At the height of emergency operations at the hospital, International Medical Corps treated approximately 1,000 patients per day. Our early entry also gave us the foundation to rapidly expand our operations to 15 mobile clinics throughout Haiti to provide critical services. Through the hospital and mobile and fixed clinics, International Medical Corps teams provided more than 110,000 patient consultations during the first year following the emergency.
When reports of acute diarrhoea emerged from the north of Haiti in October 2010, International Medical Corps doctors and nurses immediately deployed to the region providing emergency relief for the growing cholera crisis. Our network of rapidly constructed cholera treatment centres, supported by 820 community health volunteers to educate communities on how to prevent and identify cholera, meant that more than 30,000 cholera patients received life-saving treatment within the first year following the outbreak.
International Medical Corps was among the first organisations to enter Libya once the conflict began in February 2011, providing emergency medical care to casualties from the fighting and support to hospitals with medical staff and supplies. Among the first challenges our Emergency Response Teams encountered was a chronic shortage of nurses, as thousands of foreign nurses had fled the country. In partnership with the Jordan Health Aid Society, International Medical Corps immediately deployed volunteer nurses to health centres across eastern Libya moving them to towns and cities throughout the country as access permitted. Volunteer nurses trained the local counterparts while working alongside them.
At the country’s borders and within Libya, we supplied those displaced by the fighting with essential relief items, including blankets, bottled water and food. Recognising the danger posed by communicable diseases, our sanitation and hygiene specialists constructed latrines and washing stations in transit camps along the Tunisia borders.
As the fighting went on International Medical Corps worked as close to the front line as possible, providing emergency treatment to those injured in the conflict, and medicines and supplies to besieged towns and cities. In Misurata, inaccessible by road, we evacuated nearly 500 injured civilians by boat. International Medical Corps’ mobile field hospitals treated the wounded from battles in Tripoli, the Western Mountains, Bani Walid, Sabha, Jufrah and Qaddafi’s hometown of Sirte.
International Medical Corps mobilized an emergency response in Mali in January 2013 after rebel armed forces from the north began moving south, triggering French military intervention. In Timbuktu, which had spent months under the control of armed Islamist rebel our team were amongst the first international organisations to arrive and found pillaged clinics, missing medical personnel and damaged health infrastructure.
We immediately began supporting eight strategically targeted health clinics in remote areas around Timbuktu, where the Malian Ministry of Health has been unable to maintain adequate services to local communities. By providing medicines, training staff and recruiting qualified doctors and nurses, we can ensure local people will now have access to basic primary and secondary health care for the first time in months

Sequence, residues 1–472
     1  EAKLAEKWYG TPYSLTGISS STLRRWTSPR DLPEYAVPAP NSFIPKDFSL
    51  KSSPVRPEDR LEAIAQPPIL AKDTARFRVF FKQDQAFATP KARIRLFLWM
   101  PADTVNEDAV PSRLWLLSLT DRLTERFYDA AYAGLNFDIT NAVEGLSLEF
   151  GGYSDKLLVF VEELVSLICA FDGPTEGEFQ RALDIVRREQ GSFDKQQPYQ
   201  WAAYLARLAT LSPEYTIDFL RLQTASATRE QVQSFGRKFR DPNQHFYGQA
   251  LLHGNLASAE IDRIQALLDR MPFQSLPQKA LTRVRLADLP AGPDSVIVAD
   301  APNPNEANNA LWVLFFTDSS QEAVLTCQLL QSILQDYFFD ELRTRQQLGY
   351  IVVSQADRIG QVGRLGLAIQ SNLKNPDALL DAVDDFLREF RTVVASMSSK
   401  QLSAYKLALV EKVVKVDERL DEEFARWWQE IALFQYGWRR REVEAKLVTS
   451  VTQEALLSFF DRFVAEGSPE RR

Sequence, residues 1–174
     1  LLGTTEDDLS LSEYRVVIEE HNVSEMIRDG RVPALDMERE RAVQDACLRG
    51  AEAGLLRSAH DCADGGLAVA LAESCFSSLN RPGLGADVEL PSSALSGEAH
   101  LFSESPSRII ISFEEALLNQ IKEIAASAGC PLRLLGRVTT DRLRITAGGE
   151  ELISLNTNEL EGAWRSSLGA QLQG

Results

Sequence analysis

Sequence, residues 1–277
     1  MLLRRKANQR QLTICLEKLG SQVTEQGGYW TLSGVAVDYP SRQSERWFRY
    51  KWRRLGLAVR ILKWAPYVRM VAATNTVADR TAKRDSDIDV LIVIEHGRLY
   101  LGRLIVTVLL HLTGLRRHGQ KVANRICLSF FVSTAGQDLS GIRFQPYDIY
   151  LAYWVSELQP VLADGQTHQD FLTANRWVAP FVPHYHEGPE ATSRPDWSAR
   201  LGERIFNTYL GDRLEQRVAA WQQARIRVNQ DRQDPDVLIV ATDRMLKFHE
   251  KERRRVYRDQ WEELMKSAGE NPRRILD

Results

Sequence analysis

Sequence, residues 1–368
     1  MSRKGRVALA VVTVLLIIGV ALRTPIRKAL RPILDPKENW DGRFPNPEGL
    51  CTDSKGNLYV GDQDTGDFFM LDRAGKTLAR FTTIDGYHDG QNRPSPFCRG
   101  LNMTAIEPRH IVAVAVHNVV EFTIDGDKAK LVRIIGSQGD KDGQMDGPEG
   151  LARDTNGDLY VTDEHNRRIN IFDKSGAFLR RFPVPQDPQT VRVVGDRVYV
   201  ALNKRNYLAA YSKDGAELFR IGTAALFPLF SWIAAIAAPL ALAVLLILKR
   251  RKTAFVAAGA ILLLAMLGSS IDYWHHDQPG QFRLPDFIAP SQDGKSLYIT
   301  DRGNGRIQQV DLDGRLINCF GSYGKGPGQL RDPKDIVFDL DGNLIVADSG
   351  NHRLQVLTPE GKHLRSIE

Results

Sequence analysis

True to our mission to build self reliance, International Medical Corps is also already training community health workers to go out to local markets and spread essential hygiene, reproductive health and nutrition messages. We are also working to rehabilitate clinics damaged during the conflict, by building or repairing latrines, water systems, solar panel systems and other infrastructure repairs, enabling health workers to have stable and well-equipped facilities to help the people of Mali.
Basanti, a young mother of two in Nepal, returned home from fetching water for her family to find her 8-month old son Bishal had fallen into the open cooking fire. Basanti was in shock, but she wrapped her baby in blankets and ran for help. No one in their village or at the local health post knew what to do so she had to travel more than six hours by bus to seek emergency care at the closest hospital. The district hospital could only stabilize Bishal and wasn’t able to treat his wounds properly. As a result, his little fingers contracted into a fist as the burned skin contracted and “healed” over the coming year, making it impossible for him to use his hand. His cheek, lips and eyelid also contracted and tightened, threatening his vision.
After selling part of their farm to pay for transportation to Kathmandu, Basanti sought further treatment for her baby. However, two hospitals in the nation’s capital could not help either. Adding to Basanti’s struggles, her husband abandoned the family, leaving her alone to care for Bishal and his four-year-old sister.
Thankfully, Basanti heard about the surgical care available through ReSurge International, our trusted partner with a 43-year history of serving burn victims. Dr. Rai, ReSurge’s Outreach Director in Nepal, and his team restored Bishal’s eyelid and his hand will soon be surgically repaired as well.
Even though it took more than a year for him to get appropriate treatment, Bishal is one of the lucky ones. Thousands of children never get the care they need to live a normal life after a disabling burn.